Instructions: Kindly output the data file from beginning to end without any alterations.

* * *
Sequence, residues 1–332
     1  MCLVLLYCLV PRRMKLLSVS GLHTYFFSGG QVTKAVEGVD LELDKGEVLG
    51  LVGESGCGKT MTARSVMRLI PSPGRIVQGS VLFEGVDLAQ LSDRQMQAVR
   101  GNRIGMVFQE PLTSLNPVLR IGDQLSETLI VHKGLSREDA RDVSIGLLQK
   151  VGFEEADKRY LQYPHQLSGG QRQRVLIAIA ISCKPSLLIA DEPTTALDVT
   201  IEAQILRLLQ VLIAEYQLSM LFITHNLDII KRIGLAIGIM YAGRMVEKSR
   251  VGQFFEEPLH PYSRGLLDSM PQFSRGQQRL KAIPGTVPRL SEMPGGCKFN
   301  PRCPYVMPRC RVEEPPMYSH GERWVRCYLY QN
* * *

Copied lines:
Sequence, residues 1–332
     1  MCLVLLYCLV PRRMKLLSVS GLHTYFFSGG QVTKAVEGVD LELDKGEVLG
    51  LVGESGCGKT MTARSVMRLI PSPGRIVQGS VLFEGVDLAQ LSDRQMQAVR
   101  GNRIGMVFQE PLTSLNPVLR IGDQLSETLI VHKGLSREDA RDVSIGLLQK
   151  VGFEEADKRY LQYPHQLSGG QRQRVLIAIA ISCKPSLLIA DEPTTALDVT
   201  IEAQILRLLQ VLIAEYQLSM LFITHNLDII KRIGLAIGIM YAGRMVEKSR
   251  VGQFFEEPLH PYSRGLLDSM PQFSRGQQRL KAIPGTVPRL SEMPGGCKFN
   301  PRCPYVMPRC RVEEPPMYSH GERWVRCYLY QN